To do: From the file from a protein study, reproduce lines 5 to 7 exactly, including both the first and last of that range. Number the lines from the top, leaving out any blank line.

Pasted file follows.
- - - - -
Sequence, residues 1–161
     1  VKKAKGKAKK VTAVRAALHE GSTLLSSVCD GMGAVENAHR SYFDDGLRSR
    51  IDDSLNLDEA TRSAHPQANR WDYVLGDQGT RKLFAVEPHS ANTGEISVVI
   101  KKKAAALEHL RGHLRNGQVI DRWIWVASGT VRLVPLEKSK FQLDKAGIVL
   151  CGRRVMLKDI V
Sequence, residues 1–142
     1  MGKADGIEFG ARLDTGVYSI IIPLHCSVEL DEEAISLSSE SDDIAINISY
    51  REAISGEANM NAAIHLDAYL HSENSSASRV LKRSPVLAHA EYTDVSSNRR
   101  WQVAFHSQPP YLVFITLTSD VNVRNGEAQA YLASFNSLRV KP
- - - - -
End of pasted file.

   151  CGRRVMLKDI V
Sequence, residues 1–142
     1  MGKADGIEFG ARLDTGVYSI IIPLHCSVEL DEEAISLSSE SDDIAINISY